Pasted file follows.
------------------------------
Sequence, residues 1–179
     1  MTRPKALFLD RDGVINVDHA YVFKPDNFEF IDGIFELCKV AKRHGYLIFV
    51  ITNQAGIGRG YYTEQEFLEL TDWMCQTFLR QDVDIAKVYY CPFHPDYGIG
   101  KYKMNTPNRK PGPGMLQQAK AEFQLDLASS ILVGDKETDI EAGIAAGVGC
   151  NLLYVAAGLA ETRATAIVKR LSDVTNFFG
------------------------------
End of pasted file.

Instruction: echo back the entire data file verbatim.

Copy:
Sequence, residues 1–179
     1  MTRPKALFLD RDGVINVDHA YVFKPDNFEF IDGIFELCKV AKRHGYLIFV
    51  ITNQAGIGRG YYTEQEFLEL TDWMCQTFLR QDVDIAKVYY CPFHPDYGIG
   101  KYKMNTPNRK PGPGMLQQAK AEFQLDLASS ILVGDKETDI EAGIAAGVGC
   151  NLLYVAAGLA ETRATAIVKR LSDVTNFFG